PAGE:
verb (used with object), shamed, sham·ing.
- shame on you,
- to cause to suffer shame or disgrace.
- to outdo; surpass: She played so well she put all the other tennis players to shame.
Origin of shame
Examples from the Web for shame
But there's a ton of value for me in my background and my history, and losing it would be a shame.
As ever, Jon Stewart and The Daily Show crew encouraged us to find some humor alongside the horror and the shame.Jon Stewart Laughs to Keep From Vomiting at the CIA Report|Jack Holmes, The Daily Beast Video|December 13, 2014|DAILY BEAST
The post-dinner conversations of staffers and policy-makers was seamed with shame, and even defeatism.
It's a shame, because Samberg's work on Brooklyn Nine-Nine has been stronger than ever this past season.15 Enraging Golden Globe TV Snubs and Surprises: Amy Poehler, 'Mad Men' & More|Kevin Fallon|December 11, 2014|DAILY BEAST
Her own muddled feelings of confusion, shame, and fear are what make the essay great and what make the essay her story.
Oh, what a shame to take him through the streets in such a helpless condition!Fireside Stories for Girls in Their Teens|Margaret White Eggleston
It's a shame to see a minister of the Gospel drowning his grief in liquor.The Life of Thomas Wanless, Peasant|Alexander Johnstone Wilson
The willows,” he says, “bow themselves to every wind, out of shame for their unfruitfulness.Rubiyt of Omar Khayym and Salmn and Absl|Omar Khayym and Ralph Waldo Emerson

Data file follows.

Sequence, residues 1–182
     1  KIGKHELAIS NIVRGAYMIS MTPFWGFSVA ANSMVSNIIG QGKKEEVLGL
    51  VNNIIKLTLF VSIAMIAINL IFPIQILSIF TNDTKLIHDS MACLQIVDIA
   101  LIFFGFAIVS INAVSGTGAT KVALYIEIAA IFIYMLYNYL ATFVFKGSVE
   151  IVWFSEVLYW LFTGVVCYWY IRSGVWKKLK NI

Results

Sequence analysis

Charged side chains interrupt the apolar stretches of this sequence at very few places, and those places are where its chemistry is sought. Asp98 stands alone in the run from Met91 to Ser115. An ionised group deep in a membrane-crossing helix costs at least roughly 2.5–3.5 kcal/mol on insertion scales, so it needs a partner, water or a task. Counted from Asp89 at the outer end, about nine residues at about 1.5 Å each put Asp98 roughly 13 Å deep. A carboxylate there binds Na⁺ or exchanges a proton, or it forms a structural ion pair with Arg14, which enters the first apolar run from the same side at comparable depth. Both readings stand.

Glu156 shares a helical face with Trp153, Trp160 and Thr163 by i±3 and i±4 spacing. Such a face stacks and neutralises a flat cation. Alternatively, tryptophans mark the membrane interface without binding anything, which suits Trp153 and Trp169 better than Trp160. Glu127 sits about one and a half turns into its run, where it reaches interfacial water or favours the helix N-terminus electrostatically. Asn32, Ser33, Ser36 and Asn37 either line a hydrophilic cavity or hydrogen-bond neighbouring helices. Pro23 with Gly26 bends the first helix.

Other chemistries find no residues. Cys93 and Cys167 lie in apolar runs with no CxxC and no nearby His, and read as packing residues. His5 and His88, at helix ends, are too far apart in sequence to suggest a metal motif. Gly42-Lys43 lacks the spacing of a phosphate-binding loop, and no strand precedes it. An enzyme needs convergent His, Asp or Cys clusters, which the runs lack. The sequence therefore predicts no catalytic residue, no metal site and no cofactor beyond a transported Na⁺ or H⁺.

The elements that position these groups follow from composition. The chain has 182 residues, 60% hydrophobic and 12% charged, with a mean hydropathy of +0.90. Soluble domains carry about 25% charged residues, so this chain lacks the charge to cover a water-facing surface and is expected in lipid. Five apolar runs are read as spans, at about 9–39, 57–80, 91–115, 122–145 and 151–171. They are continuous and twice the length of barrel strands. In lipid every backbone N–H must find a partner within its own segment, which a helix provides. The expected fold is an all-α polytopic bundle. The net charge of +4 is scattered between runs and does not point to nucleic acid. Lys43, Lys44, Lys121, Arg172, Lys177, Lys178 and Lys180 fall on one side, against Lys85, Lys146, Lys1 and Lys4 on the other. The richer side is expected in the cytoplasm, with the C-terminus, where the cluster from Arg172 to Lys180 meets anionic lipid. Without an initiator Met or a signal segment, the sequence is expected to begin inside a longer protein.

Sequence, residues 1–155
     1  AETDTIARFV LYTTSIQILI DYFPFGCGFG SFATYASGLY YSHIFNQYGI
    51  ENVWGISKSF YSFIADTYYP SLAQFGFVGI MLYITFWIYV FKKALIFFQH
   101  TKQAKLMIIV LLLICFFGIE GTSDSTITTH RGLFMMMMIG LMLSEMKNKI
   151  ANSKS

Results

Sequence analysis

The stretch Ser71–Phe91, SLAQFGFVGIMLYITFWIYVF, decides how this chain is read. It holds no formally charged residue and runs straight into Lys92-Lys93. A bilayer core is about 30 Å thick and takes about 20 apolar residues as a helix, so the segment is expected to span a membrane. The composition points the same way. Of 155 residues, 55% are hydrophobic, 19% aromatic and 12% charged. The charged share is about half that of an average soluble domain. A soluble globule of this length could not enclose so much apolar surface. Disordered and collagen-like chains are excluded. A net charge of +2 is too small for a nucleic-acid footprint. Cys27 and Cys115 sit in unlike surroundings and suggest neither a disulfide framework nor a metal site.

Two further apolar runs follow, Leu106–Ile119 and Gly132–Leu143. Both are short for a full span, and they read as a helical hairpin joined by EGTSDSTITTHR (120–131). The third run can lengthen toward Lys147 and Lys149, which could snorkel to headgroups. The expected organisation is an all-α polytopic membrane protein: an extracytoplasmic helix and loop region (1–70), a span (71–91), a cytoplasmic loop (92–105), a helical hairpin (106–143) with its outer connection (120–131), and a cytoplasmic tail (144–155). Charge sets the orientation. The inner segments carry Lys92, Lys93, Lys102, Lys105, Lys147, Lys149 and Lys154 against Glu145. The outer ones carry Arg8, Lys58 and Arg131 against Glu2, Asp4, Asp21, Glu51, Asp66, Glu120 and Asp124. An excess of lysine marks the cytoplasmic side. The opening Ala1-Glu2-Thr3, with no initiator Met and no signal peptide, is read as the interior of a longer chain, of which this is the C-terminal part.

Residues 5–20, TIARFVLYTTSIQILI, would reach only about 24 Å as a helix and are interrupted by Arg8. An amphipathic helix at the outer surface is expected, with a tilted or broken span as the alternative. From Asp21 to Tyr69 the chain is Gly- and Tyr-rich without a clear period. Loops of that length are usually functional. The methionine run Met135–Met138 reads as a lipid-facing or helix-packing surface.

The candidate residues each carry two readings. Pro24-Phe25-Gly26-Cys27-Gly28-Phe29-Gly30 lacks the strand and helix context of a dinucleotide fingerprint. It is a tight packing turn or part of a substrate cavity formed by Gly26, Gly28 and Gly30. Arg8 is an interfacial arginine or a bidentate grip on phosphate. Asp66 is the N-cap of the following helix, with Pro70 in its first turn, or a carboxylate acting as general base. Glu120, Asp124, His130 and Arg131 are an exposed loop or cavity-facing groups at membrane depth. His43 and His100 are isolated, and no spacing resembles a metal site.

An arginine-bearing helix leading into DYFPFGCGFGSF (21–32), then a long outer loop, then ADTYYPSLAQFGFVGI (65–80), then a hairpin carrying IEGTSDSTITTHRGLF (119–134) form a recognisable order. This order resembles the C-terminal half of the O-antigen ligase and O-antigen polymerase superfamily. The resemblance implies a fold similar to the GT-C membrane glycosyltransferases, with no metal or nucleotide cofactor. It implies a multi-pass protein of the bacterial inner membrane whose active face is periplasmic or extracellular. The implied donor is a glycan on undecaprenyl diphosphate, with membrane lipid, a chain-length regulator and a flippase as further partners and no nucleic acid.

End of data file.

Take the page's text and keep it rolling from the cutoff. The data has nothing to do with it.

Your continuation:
The church of Rome has acted upon this principle, and even Protestants (to the shame of Protestantism) have followed her example.Notes on the Book of Deuteronomy, Volume II|Charles Henry Mackintosh
She must be put to grief and shame, while he, the one on whose head the real sin lay, escaped.How It All Came Round|L. T. Meade
- to disgrace
- to surpass totally
- an expression of sympathy
- an expression of pleasure or endearment
Word Origin for shame
Old English scamu, sceomu "feeling of guilt or disgrace; confusion caused by shame; disgrace, dishonor, insult, loss of esteem or reputation; shameful circumstance, what brings disgrace; modesty; private parts," from Proto-Germanic *skamo (cf. Old Saxon skama, Old Norse skömm, Swedish skam, Old Frisian scome, Dutch schaamte, Old High German scama, German Scham). The best guess is that this is from PIE *skem-, from *kem- "to cover" (covering oneself being a common expression of shame).
Until modern times English had a productive duplicate form in shand. An Old Norse word for it was kinnroði, literally "cheek-redness," hence, "blush of shame." Greek distinguished shame in the bad sense of "disgrace, dishonor" (aiskhyne) from shame in the good sense of "modesty, bashfulness" (aidos). To put (someone or something) to shame is mid-13c. Shame culture attested by 1947.
Old English scamian "be ashamed, blush, feel shame; cause shame," from the root of shame (n.). Cf. Old Saxon scamian, Dutch schamen, Old High German scamen, Danish skamme, Gothic skaman, German schämen sich. Related: Shamed; shaming.
In addition to the idiom beginning with shame
- shame on you
- crying shame
- for shame
- put to shame